Posts Tagged ‘ Asia ’

New book: Mental Health in Asia and the Pacific: Historical and Cultural Perspectives.


The book Mental Health in Asia and the Pacific: Historical and Cultural Perspectives, edited by Harry Minas and Milton Lewis (Springer 2017) could be of interest to readers of h-madness.

The abstract reads:

This far-reaching volume analyzes the social, cultural, political, and economic factors contributing to mental health issues and shaping treatment options in the Asian and Pacific world. Multiple lenses examine complex experiences and needs in this vast region, identifying not only cultural issues at the individual and collective levels, but also the impacts of colonial history, effects of war and disasters, and the current climate of globalization on mental illness and its care. These concerns are located in the larger context of physical health and its determinants, worldwide goals such as reducing global poverty, and the evolving mental health response to meet rising challenges affecting the diverse populations of the region. The different chapters focus on countries in East, Southeast, and South Asia plus Oceania and Australia, describing national history of psychiatry and its acceptance; present-day mental health practice and services; mental/physical health impact of recent social change; disparities in accessibility, service delivery, and quality of care; collaborations with indigenous and community approaches to healing; current mental health resources, the state of policy, and areas for intervention.



Today (16 November) on BBC 3: Freud in Asia

BBC 3 Sunday Feature

Christopher Harding, John Gallagher

Documentaries presented by two of Radio 3’s New Generation Thinkers.


Christopher Harding explores the influence of Freud on psychotherapy in Japan and India. Freud’s travels around Europe and the USA a century ago catapulted psychotherapy to fame.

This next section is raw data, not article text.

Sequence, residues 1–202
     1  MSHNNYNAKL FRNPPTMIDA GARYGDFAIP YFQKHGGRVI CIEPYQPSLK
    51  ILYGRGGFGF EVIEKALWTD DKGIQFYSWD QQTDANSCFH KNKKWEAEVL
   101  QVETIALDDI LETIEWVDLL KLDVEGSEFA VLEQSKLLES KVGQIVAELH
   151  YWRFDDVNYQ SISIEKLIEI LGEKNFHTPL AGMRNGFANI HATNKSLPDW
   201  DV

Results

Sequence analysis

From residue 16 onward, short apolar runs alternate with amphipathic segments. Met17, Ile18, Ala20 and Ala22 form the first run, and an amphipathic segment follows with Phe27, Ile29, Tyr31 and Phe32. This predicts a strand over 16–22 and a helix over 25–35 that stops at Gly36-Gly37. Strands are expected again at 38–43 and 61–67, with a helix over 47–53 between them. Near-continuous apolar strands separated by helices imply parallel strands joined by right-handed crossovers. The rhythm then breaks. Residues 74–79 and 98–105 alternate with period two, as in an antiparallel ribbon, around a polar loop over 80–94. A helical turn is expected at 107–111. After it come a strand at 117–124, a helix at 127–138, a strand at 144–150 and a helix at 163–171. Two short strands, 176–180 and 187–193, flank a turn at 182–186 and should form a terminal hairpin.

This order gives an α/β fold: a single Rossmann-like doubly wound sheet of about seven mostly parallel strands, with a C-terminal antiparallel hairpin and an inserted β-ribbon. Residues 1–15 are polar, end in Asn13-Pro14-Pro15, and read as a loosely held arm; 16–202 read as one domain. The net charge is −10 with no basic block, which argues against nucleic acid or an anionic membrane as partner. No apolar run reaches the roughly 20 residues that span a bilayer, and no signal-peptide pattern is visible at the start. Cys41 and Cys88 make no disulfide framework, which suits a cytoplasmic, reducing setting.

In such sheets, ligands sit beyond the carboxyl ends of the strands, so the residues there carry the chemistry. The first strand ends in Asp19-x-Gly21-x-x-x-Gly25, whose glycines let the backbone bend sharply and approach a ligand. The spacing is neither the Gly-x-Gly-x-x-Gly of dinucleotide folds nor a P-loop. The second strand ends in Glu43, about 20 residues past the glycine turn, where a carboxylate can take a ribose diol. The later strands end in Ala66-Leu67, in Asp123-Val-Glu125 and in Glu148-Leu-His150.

The invitations to Japan and India came too late for him to travel but he found his work debated throughout Asia. In India he was discussed by British colonial officers, who penned amateur tracts about Indian nationalism as mere sexual trauma.

Thousands of miles further east in Tokyo, Freud was partnered with a medieval Buddhist saint in the hybrid psychoanalytic technique of Heisaku Kosawa. Mishima read and was influenced by his work. Christopher Harding explores the spread of Freud’s influence and its significance.


John Gallagher focuses on the history of a long-overlooked form of literature: the foreign language phrase book. The British often assume that most people we meet abroad will speak English – and many of them do.

This was not the case three or four centuries ago, when the Grand Tour became a rite of passage and an increasing number of entrepreneurs forged trade links across Europe and beyond. At that time English was a minority language.

Phrase books and travel guides of the time reveal the preoccupations of the day and, in the varied dialogues and phrases they offered, reflect the needs of a variety of travellers, be they tourists keen to visit the art of Italy or the salons of Paris, merchants seeking to make deals in Dutch marketplaces, or spies intent on learning the secrets of continental powers.

Producers Fiona McLean and Mohini Patel

For more information:

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